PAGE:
Adequate handling and storage of WDG are usually addressed at the farm level. There are nevertheless other critical time-points from processing to delivery which may pose a challenge to their quality. Temporary storage conditions at the ethanol plant can adversely affect the quality of the product delivered to the farm. Platforms where recently produced WDG are temporarily deposited should be kept clean and protected from the weather. This area should be free of rodents, birds, or companion animals as most will readily eat this feedstuff, and their excreta might contaminate the product. All material remaining from previous batches that show mold growth should be removed (as they act as inoculants), and the area should be scraped as clean as possible before a fresh batch is deposited on top. Rained- or snowed-on WDG result in a wetter product, and greater nutrient losses through seepage during transportation and storage occur until finally they are fed to cattle. Seepage from WDG not only results in decreased nutritive value, but it is also an environmental threat due to its high phosphorus concentration and high oxygen demand (high reducing power).
When protected from air infiltration (e.g., in a silo bag), WDG preserves very well either alone or combined with other feeds. Because of its high moisture content, storage is better accomplished in a bunker, covered pile, or silo bag. Regardless of the storage method chosen, the surface needs to be protected from the weather if the truckload is used completely in less than a week. If usage of the shipment will take longer than a week, storage to prevent air infiltration will be required. If these conditions are not met, mold will grow on the surface exposed to the air, resulting in organic matter losses. Mold will grow relatively fast during warm weather, and it is thus generally recommended to use the whole shipment in less than seven days when left in a pile. One of the characteristics of this co-product is the very low pH (3.0 to 4.0) with which it arrives from the ethanol plant (Table 1). This is due to the addition of sulfuric acid to halt the fermentation toward the end of the process. It is this property that aids in the preservation of WDG, provided anaerobic conditions are met.
|----------------------------------- % DM -----------------------------------|
|1SEM = Standard error of mean.|
A simple storage method for WDG at the farm is to have it piled on a firm surface, such as concrete (e.g., bunker silo). This avoids contamination of WDG with soil and also nutrient leaching and percolation into the ground. Once WDG are unloaded, they should be covered with a tarp while not being utilized. The objective is not to create anaerobic conditions but rather to protect them from the rain as this will result in additional runoff, as well as changes in the original moisture content. Even during the winter, covering them is important! Temperature of recently arrived WDG usually exceeds 100°F (commonly over 150°F if fresh from the plant); if they are snowed on, this high temperature will melt the snow, resulting in greater effluent losses. Because of their small particle size and high moisture content, WDG may freeze during the winter, which, in turn, poses another challenge. The advantage of conditioning the rations offered during temperate weather is lost during the winter, but chunks of frozen WDG can challenge adequate mixing and decrease diet consistency.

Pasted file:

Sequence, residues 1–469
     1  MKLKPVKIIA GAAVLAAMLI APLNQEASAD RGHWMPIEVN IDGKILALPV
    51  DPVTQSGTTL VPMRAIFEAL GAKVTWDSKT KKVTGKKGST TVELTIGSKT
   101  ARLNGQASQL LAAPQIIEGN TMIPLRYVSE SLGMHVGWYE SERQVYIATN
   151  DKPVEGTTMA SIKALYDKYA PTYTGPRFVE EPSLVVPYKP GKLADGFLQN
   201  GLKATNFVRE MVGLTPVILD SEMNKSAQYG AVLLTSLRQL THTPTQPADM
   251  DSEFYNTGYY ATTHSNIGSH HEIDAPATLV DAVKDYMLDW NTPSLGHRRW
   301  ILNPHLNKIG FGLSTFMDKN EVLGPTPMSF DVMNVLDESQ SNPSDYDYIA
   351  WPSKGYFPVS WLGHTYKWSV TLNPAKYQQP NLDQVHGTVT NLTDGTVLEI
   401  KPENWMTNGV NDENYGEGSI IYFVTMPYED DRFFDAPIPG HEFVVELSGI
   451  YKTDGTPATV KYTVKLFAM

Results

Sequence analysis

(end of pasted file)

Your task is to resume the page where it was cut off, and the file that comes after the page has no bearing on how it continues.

Another storage method is through ensiling. Ensiling could be done in bunker silos, but silo bags also work well. Although suited for any size of livestock feeding operations, small to medium-sized farms benefit the most from silo bags because they allow for relatively faster removal of material from the exposed surface. Among the advantages of the bags are that they allow for high air exclusion, resulting in low spoilage losses when the product is bagged immediately upon delivery. Due to the high moisture content of WDG, the shape of the bag when observed from either end will resemble a flattened oval. It is important not to overfill the bag, as the pressure that the material exerts on the sides can rip open the bag.
As previously stated, most WDG have a pH between 3 and 4 upon arrival from the ethanol plant. Initial pH increases when mixing WDG with other feeds and then drops proportionally, depending on the buffering effect and/or original pH of the other feedstuff. This provides an additional advantage in blends which contain 50% or more WDG on a dry matter basis. The pH of most dry feedstuffs is neutral at most; a 50:50 blend with WDG on a dry basis results in a final product with a pH of close to 4. With adequate packing and air exclusion, this acidity is enough for an adequate preservation. Feeds that are ideal to mix are those with a nutrient concentration that complements WDG. Feedstuffs that are low in protein, fat, and phosphorus make for a desirable match because concentration of those nutrients in WDG is high. Examples of such feeds are soybean hulls, beet pulp, citrus pulp, and crop residues, such as corn stalks and small-grain straw. A practical advantage of blending WDG with fibrous residues is that the blend is easier to break during the winter. Research has demonstrated that the dry matter content of those blends should not be greater than 50% to avoid heating. Taking this into consideration, using WDG (60 to 70% moisture) works better than modified wet distillers grains (45 to 55% moisture). This is reason enough to make certain one knows which of the two products is being purchased. Similarly, particle size of the fibrous residue is also critical in order to achieve adequate packing and air exclusion.